Like many of us – for good or ill – a lot of what I know comes from watching television.
Occasionally I learn something nice. On a recent episode of "Antiques Roadshow" there was this fellow who told of how his father was a crew member for many John Wayne movies. He said that on every movie, Wayne would give each member of the cast and crew a coffee mug on which was painted the name of the film, a scene from the film and an individual greeting, such as, "To Joe, from Duke."
And then, there are those days when I kind of feel at loose ends. So, I turn on the TV, always first to channel 50.2 in hopes the movie station is showing a John Wayne film. Channel 50.2 airs a lot of Wayne movies. And when I light on one of those films I can feel my spirits go up and my blood pressure go down.
All this for an actor who died on June 11, 1979.
Though John Wayne has been dead for 38 years, he always is near the top of any poll of favorite actors. I'm not smart enough, or educated enough, to explain John Wayne's enduring popularity.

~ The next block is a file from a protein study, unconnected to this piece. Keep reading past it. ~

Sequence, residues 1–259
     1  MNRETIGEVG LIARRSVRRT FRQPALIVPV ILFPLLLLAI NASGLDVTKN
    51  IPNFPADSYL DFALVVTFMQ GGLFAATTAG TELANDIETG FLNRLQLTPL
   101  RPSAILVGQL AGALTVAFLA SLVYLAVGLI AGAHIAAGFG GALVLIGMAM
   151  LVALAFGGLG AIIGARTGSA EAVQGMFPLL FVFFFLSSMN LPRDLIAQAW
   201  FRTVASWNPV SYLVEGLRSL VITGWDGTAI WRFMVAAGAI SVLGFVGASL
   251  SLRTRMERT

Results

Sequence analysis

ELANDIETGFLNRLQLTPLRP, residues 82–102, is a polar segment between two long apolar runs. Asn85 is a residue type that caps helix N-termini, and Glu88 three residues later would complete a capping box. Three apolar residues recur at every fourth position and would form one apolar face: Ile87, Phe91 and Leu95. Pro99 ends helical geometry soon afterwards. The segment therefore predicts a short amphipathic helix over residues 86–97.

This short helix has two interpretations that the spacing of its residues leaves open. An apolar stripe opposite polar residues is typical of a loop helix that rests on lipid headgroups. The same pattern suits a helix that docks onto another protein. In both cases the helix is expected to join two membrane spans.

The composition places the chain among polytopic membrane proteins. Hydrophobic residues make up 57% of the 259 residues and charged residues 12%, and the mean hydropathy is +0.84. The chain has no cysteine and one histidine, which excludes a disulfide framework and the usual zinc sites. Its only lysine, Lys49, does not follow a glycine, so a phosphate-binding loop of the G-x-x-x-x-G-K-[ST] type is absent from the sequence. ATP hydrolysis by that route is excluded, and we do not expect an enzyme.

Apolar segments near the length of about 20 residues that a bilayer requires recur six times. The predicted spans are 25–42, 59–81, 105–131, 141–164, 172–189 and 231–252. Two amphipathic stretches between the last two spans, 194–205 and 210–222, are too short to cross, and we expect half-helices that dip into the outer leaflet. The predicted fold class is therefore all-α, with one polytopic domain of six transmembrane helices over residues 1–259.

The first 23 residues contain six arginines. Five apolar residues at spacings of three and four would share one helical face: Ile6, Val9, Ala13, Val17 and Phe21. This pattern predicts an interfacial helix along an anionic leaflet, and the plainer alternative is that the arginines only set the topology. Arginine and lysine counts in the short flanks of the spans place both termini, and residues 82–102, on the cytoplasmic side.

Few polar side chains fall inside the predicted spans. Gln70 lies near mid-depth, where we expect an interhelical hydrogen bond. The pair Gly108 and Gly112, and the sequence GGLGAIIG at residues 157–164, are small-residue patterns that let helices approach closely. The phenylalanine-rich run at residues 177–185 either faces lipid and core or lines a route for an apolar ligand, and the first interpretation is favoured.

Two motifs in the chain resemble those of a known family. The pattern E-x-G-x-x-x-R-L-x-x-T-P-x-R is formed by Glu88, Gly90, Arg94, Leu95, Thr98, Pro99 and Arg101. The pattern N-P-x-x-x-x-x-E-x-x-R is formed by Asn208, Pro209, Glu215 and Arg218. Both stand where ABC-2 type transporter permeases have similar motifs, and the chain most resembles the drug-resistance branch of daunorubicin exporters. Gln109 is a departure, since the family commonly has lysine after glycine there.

I know he was a fine actor. I know he made some great films. I know he made some mediocre movies in which he was the only thing worth watching. And I know his political views cast him in the role of satan to many young people in 1960s. There was just something else about him that I leave to scholars, something about archetypes and symbolism and the American frontier myth and reality.
Why am I writing about John Wayne?
Perhaps it's the proximity of Father's Day. I'd be willing to bet that most fathers – yours, too – enjoy John Wayne movies. Maybe you could watch one together.
John Wayne made more than 200 films, so there are a lot to choose from. As a card-carrying John Wayne admirer, I can recommend some of my favorite Wayne films:
"The Man Who Shot Liberty Valance."
"True Grit," for which Wayne received a well-deserved Oscar.
Just found out "True Grit" is starting on channel 50.2.
Paul Sassone - Pioneer Press
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